The favorable safety and tolerability profile observed in the study was consistent with the design of pirtobrutinib as a highly selective and non-covalent reversible BTK inhibitor. No dose-limiting toxicities were reported, and the maximum tolerated dose had not been reached. AEs of special interest included bruising, rash, and arthralgia. In their conclusion, the authors summarized that pirtobrutinib demonstrates promising efficacy in CLL/SLL patients previously treated with BTK inhibitors. Randomized global, phase III trials including BRUIN CLL-321, BRUIN CLL-322 and BRUIN CLL-313 are currently evaluating this agent in the setting of CLL/SLL.

Figure 3: Responses obtained with pirtobrutinib irrespective of patient and pretreatment characteristics

Figure 3: Responses obtained with pirtobrutinib irrespective of patient and pretreatment characteristics


Resistance against BTK inhibitors develops primarily through mutations at the cysteine binding site (C481) or PLCγ2 [13, 14]. MK-1026 has been developed as a non-covalent, potent inhibitor of both wild-type and C481S-mutated BTK [15]. The preliminary recommended phase II dose was determined at 65 mg/d in a phase I/II dose escalation and expansion study performed in patients with hematologic malignancies. At ASH 2021, Woyach et al. presented the efficacy and safety of MK-1026 65 mg/d in study participants with CLL/SLL treated during the dose expansion phase [16].

MK-1026 was shown to have promising anti-tumor activity, with a manage­able safety profile. Among 38 efficacy-evaluable patients, 57.9 % responded to treatment. Median duration of response had not been reached yet at the time of the analysis. Almost 94 % achieved decreases in tumor volume, and decreases ≥ 50 % were seen in 69.7 %. Responses occurred in heavily pretreated patients and in those progressing on prior covalent BTK inhibition.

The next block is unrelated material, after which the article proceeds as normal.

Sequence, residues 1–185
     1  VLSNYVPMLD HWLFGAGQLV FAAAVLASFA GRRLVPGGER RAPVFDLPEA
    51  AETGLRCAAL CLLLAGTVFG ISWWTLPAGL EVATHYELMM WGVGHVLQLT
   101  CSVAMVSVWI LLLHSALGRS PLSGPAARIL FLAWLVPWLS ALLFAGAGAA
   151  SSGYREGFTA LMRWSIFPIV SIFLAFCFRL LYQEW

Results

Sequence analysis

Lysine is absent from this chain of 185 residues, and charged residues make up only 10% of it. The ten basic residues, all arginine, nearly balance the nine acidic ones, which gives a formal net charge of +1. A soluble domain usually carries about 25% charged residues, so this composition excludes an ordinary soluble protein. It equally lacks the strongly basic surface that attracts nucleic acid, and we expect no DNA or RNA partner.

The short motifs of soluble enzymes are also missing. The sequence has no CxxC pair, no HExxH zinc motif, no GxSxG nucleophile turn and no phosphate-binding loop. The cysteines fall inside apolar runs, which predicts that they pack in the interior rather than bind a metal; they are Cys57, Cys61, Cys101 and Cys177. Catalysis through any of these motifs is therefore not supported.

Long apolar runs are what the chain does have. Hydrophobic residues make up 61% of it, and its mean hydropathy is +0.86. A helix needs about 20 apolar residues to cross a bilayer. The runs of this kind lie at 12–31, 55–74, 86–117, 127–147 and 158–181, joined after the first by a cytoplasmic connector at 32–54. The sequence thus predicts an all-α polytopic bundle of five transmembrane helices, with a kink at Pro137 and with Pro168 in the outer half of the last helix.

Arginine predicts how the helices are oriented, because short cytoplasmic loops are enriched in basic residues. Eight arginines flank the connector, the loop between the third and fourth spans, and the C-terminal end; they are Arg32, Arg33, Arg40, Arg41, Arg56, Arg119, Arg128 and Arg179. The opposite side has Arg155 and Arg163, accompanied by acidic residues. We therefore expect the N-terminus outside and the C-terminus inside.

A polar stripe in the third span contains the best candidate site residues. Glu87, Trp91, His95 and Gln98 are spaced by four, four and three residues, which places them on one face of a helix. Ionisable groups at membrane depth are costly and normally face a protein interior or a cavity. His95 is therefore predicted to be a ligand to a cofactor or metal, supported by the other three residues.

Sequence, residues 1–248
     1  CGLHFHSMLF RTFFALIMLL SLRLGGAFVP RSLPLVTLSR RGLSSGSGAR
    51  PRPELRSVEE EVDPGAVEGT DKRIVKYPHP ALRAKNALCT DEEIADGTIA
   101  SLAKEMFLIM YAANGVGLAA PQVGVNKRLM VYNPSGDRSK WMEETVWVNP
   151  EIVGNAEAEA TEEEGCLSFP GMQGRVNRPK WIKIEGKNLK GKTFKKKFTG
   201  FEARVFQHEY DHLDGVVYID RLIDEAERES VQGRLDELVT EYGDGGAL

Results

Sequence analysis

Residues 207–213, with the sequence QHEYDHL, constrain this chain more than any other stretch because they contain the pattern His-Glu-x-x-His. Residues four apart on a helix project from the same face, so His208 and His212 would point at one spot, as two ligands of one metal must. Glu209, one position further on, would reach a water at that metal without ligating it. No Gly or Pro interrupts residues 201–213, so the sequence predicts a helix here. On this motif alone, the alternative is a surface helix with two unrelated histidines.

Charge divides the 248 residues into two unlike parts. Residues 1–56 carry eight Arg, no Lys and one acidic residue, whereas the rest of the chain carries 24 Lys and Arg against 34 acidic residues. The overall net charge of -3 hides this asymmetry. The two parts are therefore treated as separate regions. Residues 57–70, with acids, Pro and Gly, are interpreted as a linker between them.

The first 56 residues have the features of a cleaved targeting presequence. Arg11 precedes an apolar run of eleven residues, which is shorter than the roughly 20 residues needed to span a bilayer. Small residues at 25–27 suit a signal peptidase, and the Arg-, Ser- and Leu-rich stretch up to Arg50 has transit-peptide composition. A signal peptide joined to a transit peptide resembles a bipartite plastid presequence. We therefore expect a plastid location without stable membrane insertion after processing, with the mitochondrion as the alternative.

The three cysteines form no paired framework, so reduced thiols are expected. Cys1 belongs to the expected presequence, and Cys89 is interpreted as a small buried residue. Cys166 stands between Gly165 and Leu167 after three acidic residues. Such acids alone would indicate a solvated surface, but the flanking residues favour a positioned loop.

The most common AEs comprised fatigue (33.1 %), constipation (31.4 %), and dysgeusia (28.0 %). Grade ≥ 3 AEs predominantly included hypertension (9.3 %) and fatigue (3.4 %). Further evaluation of MK-1026 in B-cell malignancies at doses of ≥ 65 mg is ongoing.


  1. Niemann CU et al., Time-limited venetoclax and ibrutinib for patients with relapsed/refractory chronic lymphocytic leukemia who have undetectable minimal residual disease – primary analysis from the randomized phase 2 VISION HO141 trial. ASH 2021, abstract 69
  2. Roeker LE et al., A phase 2 study evaluating the addition of ublituximab and umbralisib (U2) to ibrutinib in patients with chronic lymphocytic leukemia (CLL): a minimal residual disease (MRD)-driven, time-limited approach. ASH 2021, abstract 395
  3. Barf T et al., Acalabrutinib (ACP-196): a covalent Bruton tyrosine kinase inhibitor with a differentiated selectivity and in vivo potency profile. J Pharmacol Exp Ther 2017; 363(2): 240-252